This was not a good year for Indians in RPGs.

The presence of Indians in Hell is probably a reflection of the game's Catholic theology. One of the sub-areas off the main cavern is Limbo, or the "Place for Virtuous Pagans," where all the decent people went before Jesus Christ redeemed mankind and opened the way to Heaven.

Pity the poor Neanderthals for existing 40,000 years before the birth of Christ.

I met Virgil, Cleopatra, Nero, Aristotle, Socrates, Tamerlaine, Helen of Troy, and some Roman soldiers there. Oddly, Benedict Arnold and Shakespeare were there as well. Shakespeare gave me Yorick's Skull. I later gave the skull to Hamlet, who joined me (I dumped Stalin 'cause he know...Stalin) with a dueling sword.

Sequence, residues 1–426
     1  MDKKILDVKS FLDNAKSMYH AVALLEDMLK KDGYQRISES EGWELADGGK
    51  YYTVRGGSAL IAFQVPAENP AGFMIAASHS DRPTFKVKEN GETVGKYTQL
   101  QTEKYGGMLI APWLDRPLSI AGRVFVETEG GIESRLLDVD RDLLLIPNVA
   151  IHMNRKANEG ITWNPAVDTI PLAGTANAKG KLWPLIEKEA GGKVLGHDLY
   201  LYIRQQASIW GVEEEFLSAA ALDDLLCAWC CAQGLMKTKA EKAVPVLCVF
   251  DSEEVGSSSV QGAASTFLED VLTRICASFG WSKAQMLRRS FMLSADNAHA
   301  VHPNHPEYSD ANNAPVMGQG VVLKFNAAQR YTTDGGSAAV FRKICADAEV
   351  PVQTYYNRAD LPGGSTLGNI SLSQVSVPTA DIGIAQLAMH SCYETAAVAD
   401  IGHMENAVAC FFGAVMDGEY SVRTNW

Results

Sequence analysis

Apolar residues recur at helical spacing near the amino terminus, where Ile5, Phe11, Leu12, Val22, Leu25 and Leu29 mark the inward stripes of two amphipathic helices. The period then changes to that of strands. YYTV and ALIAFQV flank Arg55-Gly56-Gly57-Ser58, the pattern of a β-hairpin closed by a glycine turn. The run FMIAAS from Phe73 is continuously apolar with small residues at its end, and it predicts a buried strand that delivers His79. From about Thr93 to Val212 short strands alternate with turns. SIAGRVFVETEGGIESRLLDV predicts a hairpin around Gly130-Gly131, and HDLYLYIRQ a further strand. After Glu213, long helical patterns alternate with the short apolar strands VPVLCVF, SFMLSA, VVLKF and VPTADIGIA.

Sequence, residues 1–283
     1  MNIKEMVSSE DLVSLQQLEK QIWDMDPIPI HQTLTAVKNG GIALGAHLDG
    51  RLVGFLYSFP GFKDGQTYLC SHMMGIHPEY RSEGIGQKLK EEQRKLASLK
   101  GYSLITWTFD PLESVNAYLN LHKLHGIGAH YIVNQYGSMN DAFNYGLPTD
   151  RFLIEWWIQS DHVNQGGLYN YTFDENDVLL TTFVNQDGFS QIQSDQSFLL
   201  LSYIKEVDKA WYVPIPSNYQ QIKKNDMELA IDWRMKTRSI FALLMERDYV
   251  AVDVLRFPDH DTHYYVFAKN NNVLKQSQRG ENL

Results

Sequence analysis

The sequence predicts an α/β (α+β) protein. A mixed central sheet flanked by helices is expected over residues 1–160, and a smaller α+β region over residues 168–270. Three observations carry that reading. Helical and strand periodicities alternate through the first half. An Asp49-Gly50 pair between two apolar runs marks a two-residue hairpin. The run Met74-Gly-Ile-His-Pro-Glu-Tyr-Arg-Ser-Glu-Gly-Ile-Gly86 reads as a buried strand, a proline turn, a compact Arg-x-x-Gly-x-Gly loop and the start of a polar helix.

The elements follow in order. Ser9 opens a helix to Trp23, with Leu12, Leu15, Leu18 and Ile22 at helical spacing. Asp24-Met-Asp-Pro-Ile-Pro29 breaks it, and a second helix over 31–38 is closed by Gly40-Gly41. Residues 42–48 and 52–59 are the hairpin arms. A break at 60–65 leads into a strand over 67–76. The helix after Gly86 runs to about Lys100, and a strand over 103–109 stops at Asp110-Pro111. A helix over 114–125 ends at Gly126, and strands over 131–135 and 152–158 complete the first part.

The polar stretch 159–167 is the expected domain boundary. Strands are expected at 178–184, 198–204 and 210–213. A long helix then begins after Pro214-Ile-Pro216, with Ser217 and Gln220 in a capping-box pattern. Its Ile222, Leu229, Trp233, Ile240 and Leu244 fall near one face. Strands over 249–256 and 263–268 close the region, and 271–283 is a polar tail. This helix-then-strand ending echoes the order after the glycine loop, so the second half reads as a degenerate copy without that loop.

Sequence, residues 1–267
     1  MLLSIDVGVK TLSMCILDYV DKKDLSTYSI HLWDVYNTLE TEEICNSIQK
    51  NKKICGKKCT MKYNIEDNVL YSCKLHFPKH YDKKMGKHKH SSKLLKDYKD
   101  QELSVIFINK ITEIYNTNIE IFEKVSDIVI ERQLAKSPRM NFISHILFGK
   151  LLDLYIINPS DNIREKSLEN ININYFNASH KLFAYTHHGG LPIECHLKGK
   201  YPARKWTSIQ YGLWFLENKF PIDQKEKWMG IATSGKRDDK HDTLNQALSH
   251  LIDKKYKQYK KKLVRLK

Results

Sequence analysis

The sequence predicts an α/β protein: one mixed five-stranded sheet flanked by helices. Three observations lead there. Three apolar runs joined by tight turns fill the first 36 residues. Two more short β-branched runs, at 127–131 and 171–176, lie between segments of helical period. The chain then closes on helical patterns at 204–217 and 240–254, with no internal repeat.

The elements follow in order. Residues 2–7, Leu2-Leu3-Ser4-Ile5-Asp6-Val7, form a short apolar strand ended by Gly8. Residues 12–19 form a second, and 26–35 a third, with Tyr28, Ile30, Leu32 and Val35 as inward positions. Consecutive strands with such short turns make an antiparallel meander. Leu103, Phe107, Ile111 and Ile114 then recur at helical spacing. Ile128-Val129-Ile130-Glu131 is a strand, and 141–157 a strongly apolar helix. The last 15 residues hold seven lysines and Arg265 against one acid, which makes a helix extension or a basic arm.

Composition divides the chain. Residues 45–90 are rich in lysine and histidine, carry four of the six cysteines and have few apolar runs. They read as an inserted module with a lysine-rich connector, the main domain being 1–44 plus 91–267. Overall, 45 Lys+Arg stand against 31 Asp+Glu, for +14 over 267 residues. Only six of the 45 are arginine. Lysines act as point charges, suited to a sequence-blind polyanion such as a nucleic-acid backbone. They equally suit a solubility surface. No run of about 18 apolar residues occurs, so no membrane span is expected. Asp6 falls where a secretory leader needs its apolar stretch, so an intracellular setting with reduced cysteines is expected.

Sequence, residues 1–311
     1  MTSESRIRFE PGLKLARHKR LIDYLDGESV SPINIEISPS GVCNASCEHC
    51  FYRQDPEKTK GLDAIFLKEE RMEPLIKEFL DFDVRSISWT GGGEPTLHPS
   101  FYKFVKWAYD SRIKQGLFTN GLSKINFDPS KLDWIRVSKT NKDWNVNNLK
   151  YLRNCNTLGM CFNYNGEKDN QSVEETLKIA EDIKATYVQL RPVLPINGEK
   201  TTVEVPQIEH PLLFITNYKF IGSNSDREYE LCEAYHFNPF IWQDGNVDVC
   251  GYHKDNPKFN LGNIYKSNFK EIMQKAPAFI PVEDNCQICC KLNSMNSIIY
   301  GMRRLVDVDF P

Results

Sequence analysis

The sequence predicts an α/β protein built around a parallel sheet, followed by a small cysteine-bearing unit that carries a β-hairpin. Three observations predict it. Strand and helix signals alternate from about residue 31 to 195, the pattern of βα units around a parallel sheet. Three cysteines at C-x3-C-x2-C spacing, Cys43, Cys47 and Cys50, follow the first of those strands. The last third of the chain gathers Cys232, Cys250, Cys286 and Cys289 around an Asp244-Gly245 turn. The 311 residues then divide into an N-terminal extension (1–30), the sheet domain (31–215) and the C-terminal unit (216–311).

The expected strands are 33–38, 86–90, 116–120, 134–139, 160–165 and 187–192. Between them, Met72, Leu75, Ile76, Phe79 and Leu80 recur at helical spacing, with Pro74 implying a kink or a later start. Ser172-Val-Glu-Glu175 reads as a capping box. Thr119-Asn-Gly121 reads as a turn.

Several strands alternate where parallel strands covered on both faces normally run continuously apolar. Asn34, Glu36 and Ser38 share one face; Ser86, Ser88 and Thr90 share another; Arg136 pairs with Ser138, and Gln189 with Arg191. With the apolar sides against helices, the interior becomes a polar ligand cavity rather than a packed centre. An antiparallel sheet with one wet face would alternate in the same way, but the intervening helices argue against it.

I find the Prince in "the undiscovered country from whose bourn no traveler returns."
Hamlet isn't the only fictional character here: I ran into Horatio and Juliet, too (the latter in Hell for her suicide).

It was the Athenian philosopher Thucydides who gave me the rundown of the stucture of Hell. Originally one level, Satan has over the years expanded it to three. Various NPCs told me that Alan went to Level 2, which is apparently ruled by Al Capone. The hole from Level 1 to Level 2 is quite deep, and I need a parachute to descend. So far, I haven't figured out how to get one.

An NPC recognizes that I'm alive, and gives me some useful information about my friend.